Brad Larson knows first-hand the importance of small town emergency responder teams (EMTs) and paramedics. If it were not for them, he wouldn’t be alive today.
On May 9, 2007, the 2006 Freightliner semi tractor he was driving hit a moving Union Pacific train nose-to-nose on a track northwest of Bricelyn on Faribault County Road 21.
The cab caught on fire shortly after the impact. This made it very difficult for his rescuers, since they first had to extinguish the fire before they could get to him. It was at this time they discovered the only partially intact piece remaining of the cab was where Larson remained sitting, his body mangled almost as much as the semi.
The severity of the accident left him with head trauma, a fractured pelvis, a laid-open stomach resulting in intestinal loss and shattered pelvic bone fragments which literally tore him up internally.
He is lucky to be alive today considering the insurmountable injuries he sustained at the accident scene. From the accounts of others, he is able to piece together most of the elements of the horrible accident and the weeks immediately following.
“In the first hour, I lost 28 pints of blood,” says Larson. “It’s amazing to think how hard the paramedics must have worked on me in order to keep me alive while I was being airlifted to St. Mary’s.”
Without the quick response by the Bricelyn and Frost EMTs and the paramedics aboard the Mayo One helicopter, Larson would have bled to death at the scene. Losing 28 pints of blood is almost unbelievable, since men average about 10-12 pints of blood in their body and women have between eight to 10 pints.
He literally defied death while enroute to Rochester and would continue to do so the next two months while he was in a coma.
For weeks, Larson lay in a vegetative state. During these weeks, Rochester doctors advised his family to “pull the plug” on the support system which was keeping him alive.
“The doctors could see no positive outlook for my survival,” says Larson, “because they could detect no brain activity from me.”
If he were to survive, the doctors said he would be brain dead and they were certain he would never regain any motor activity whatsoever. The 29-year old would basically remain in a vegetative state the rest of his life.
Would this be the quality of life the young man would desire if he were able to speak for himself? Never again would he be able to drive a semi for the Farmer’s Coop Elevator; never would he again be able to ride his much-loved Harley Davidson or spend time laughing and talking with his family and friends.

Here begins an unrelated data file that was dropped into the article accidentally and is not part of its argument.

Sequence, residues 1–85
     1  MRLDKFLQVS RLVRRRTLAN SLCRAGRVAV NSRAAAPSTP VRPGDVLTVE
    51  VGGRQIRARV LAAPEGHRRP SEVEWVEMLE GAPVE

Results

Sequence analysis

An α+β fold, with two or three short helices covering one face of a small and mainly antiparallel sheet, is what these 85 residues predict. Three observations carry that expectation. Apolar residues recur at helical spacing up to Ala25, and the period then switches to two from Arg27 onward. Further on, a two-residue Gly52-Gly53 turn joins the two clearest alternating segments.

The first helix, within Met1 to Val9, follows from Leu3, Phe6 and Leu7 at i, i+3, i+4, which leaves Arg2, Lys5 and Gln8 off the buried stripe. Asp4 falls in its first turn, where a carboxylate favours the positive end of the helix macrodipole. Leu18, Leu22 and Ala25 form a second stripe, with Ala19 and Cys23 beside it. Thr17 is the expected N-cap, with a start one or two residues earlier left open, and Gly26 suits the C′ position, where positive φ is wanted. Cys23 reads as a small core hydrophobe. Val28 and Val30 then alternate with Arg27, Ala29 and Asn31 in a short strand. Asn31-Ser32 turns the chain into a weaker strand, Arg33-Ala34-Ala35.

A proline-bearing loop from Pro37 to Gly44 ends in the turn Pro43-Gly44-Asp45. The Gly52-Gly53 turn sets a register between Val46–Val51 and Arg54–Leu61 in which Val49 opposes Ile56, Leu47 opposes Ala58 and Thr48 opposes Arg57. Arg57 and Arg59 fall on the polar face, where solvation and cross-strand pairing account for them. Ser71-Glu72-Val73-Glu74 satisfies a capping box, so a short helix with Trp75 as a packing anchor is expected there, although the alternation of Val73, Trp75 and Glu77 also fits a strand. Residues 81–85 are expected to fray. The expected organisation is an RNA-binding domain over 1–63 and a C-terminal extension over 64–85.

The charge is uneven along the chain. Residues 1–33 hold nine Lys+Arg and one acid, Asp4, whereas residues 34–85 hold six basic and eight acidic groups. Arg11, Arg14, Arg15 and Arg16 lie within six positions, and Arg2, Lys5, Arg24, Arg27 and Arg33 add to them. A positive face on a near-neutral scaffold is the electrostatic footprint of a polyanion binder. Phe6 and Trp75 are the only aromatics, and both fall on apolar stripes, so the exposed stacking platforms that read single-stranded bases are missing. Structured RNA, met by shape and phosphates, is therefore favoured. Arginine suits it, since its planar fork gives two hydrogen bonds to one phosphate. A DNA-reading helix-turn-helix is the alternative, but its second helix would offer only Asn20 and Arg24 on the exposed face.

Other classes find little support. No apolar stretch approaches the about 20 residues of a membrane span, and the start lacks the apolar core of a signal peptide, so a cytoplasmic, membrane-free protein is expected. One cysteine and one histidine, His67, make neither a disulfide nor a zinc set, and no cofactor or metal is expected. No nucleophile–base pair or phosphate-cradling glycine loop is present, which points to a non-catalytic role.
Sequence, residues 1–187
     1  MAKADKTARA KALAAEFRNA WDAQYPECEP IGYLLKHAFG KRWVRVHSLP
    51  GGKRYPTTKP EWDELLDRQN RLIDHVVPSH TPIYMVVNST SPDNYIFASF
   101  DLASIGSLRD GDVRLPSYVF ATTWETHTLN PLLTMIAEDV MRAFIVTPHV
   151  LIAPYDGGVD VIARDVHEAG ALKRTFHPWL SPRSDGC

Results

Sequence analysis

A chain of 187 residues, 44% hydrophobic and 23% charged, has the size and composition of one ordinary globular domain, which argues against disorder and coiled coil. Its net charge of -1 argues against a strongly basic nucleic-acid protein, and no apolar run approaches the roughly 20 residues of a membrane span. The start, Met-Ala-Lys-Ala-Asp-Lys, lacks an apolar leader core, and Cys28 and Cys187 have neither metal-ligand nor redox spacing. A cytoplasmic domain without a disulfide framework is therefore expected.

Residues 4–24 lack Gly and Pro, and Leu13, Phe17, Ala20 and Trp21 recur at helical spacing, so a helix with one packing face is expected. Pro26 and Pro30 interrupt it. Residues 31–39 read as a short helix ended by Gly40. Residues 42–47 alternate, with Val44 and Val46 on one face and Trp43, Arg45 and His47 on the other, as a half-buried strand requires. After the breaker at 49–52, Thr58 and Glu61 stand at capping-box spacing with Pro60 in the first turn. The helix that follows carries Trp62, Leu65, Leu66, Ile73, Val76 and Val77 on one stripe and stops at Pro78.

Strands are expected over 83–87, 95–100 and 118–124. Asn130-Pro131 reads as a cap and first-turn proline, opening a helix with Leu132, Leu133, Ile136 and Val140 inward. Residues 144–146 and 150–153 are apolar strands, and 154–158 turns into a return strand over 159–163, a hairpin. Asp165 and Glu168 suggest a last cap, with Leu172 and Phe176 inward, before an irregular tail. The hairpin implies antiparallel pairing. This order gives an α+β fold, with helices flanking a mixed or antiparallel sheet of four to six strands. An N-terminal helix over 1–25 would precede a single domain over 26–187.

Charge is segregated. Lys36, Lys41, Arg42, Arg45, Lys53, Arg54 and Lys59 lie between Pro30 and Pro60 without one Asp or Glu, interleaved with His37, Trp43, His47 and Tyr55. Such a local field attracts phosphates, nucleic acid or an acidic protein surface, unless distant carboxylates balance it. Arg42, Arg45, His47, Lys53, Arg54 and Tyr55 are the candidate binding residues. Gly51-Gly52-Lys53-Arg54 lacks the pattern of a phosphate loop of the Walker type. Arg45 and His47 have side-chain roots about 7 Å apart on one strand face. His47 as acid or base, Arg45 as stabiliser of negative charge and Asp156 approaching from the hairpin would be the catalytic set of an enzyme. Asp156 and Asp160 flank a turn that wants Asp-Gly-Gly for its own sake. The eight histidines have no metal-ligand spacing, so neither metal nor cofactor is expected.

The family was faced with this awful dilemma. Fortunately, they chose to keep Brad on life support.
Two months after being hospitalized at St. Mary’s, Larson awoke from his coma.
“The nurses must have been changing the dressing on my back,” recalls Larson. “As they turned me I said, ‘Damn! That hurts!'”
The slow uphill climb to recovery had begun for Larson.
He says the toughest thing he had to overcome was simply to function.
“Everything in my middle was damaged,” says Larson. “Chunks of my back muscles are gone, my guts were mangled and cut off and I had mesh in my abdomen holding it in place. But my right side was damaged the most.”
His first surgery lasted between eight to 10 hours. He also had to undergo debreeding of his wounds four to five times daily. These cleanings were to prevent infection and rotting, he says. He since has had skin grafts taken from his leg and put on his back to piece it together. And, he likens his pelvis to Swiss cheese, since it is very holey due to the bone fragments it lost upon impact with the train.
Larson also has one large rod which spans his pelvis from hip to hip acting as a stabilizer.
“If this rod were removed, I couldn’t support my weight. I don’t think my legs would hold, so I’m just going to let it rust in there,” he adds with a grin.
His sense of humor has been a key part of what has kept him going throughout this ordeal. Even the chaplain at St. Mary’s was impressed at his positive attitude and sense of humor.
As soon as possible after he regained consciousness, St. Mary’s staff began physical and occupational therapy.
“I would spend from six to eight hours daily with the therapists,” he says. This included speech, physical and occupational therapy.
After 11 months recuperating in Rochester, Larson returned to Blue Earth to continue his recovery, first with Home Healthcare nursing who came in daily to change his dressings, then with the therapy department at the United Hospital District.